Nothing really exists any more, does it?
|April 27, 2012||Posted by Dan Peacock under culture|
I’m not being philosophical here. I’m talking about Kindles.
Until very recently, I was a self-confessed anti-Kindle enthusiast. I loved the idea of a huge, vibrant bookshelf overflowing with novels that took up an entire wall of my house like some gargantuan art installation or archive of knowledge. I loved the feel of a well-thumbed, dog-eared paperback in my hands, knowing by touch how often it had been read; the feel when I turned a page. That “new book smell”. Corners folded over where I had I found a passage or sentence that I enjoyed. And I hated the idea of all this being washed away only to be replaced by a lifeless gadget.
I’m sure the same thing happened years ago when Steve Jobs first unveiled the iPod. Music enthusiasts, still reeling from the foundation-shattering vinyl-to-CD shift, would have been petrified by this new-fangled gizmo. Were they right? 10 years on, virtually everyone under 25 has an iPod of some variety. Download sales are through the roof and HMV stores are closing down left, right and centre. The CD is dying. The iPod is digging a grave for it, right beside the Sony Walkman and the 8-inch vinyl. (May they rest in peace.)
And now we see the same digital revolution gaining momentum on the literary front. Although they haven’t been the breakout success that Amazon expected, Kindles and other e-readers have nevertheless become a worldwide phenomenon. Recently, it was announced that ebook sales have overtaken “real” book sales for the first time. It’s happening all over again, and the physical book’s days are numbered.
I feel a strange sense of unease at all this. Somehow, a book on a screen and an album downloaded from iTunes don’t seem as real as the paperback book and the CD I can physically touch or pick off a shelf. It seems almost as if the media industry – music, books, maybe even movies – is being engineered to be put on a flash drive. Nothing wrong with that, of course, but it bears a strange similarity to putting all your eggs in one basket. You dropped a book? Worst case scenario, a couple of pages are crumpled. But drop a Kindle onto concrete? Oops, you just lost seven-and-a-half-thousand books to cyber oblivion.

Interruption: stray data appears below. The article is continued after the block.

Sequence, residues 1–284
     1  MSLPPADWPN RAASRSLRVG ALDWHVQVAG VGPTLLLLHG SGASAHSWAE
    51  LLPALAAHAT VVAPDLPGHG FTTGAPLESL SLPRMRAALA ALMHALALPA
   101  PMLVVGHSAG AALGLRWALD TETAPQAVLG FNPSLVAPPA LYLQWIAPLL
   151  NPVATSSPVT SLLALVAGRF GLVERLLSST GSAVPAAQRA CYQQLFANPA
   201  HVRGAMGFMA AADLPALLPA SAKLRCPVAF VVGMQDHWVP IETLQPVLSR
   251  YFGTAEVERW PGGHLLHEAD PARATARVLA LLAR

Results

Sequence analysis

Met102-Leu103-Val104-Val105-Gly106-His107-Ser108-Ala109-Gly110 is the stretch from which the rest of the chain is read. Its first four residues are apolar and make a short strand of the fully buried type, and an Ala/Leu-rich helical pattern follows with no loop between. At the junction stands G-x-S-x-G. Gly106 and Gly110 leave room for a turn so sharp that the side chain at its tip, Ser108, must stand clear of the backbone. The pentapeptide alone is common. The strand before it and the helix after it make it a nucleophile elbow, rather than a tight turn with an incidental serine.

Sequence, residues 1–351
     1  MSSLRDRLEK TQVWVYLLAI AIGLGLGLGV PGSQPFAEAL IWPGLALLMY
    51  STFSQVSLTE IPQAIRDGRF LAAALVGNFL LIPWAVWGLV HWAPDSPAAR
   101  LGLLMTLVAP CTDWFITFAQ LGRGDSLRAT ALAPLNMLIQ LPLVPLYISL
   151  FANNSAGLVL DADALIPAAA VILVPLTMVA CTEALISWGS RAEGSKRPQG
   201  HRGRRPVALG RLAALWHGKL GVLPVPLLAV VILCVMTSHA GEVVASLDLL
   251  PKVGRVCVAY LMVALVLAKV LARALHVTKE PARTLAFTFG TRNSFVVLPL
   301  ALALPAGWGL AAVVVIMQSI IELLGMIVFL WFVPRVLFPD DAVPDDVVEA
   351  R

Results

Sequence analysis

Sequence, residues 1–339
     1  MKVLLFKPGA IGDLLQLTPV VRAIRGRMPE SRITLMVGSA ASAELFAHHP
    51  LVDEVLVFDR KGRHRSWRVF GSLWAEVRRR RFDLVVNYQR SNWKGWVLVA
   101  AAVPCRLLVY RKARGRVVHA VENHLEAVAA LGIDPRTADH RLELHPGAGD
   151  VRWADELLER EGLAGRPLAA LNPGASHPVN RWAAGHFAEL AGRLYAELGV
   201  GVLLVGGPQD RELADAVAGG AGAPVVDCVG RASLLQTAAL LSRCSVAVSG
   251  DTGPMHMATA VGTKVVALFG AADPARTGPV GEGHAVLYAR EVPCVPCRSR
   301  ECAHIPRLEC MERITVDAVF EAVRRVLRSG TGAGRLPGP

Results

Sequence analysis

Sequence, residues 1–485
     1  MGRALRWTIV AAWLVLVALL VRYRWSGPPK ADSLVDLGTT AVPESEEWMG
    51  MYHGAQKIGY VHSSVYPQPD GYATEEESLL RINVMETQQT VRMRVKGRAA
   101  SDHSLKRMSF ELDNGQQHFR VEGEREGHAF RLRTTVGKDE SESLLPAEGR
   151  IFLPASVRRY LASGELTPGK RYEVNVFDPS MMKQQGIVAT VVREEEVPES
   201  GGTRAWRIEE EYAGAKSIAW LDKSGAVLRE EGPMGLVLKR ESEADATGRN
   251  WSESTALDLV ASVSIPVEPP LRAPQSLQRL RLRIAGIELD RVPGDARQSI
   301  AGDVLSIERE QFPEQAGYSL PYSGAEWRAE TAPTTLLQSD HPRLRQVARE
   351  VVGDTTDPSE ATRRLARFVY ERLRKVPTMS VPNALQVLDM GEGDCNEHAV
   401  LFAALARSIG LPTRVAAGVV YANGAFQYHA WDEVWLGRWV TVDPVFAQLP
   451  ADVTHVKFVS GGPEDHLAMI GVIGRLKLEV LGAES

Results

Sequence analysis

I’m by no means a technophobe, but I think computers and machines are soulless. And that’s why I hate myself for getting a Kindle. Granted, the e-ink display is easy to read and doesn’t hurt your eyes like normal screens. Granted, they’re actually easier to hold for long periods of time, especially compared to colossal door-stopper hardbacks, and it’s impossible to lose your place. Granted, the handy built-in dictionary is useful for – oh, what the hell. I love my Kindle. After a few weeks with it, I’d rather read on it than pick up a paperback.
The same anti-Kindle arguments pop up again and again, but I think it’s safe to say that a lot of those complaints come from people who like their bookshelves as more of a decoration than an enjoyable pastime. Overflowing bookshelves look amazing, sure, but anyone using them to show off rather than for their own enjoyment is really missing the point. The actual medium through which text is read is no different – just the means by which you receive it.
I do feel a little guilty for essentially abandoning physical books, in the same way that I feel guilty for downloading CDs digitally rather than buying actual copies. But, like it or not, it’s the future. Our generation has abandoned the CD, and the MP3 dances on its grave. The music you listen to is still the same music, though. And reading a book leaves the same message, the same feelings, regardless of whether it is read in paperback or on a Kindle. You read the same words, didn’t you?
At the end of the day, the whole “book readers vs Kindle readers” argument seems a little reminiscent of the feud between the Protestants and the Catholics. After all, don’t they worship the same God?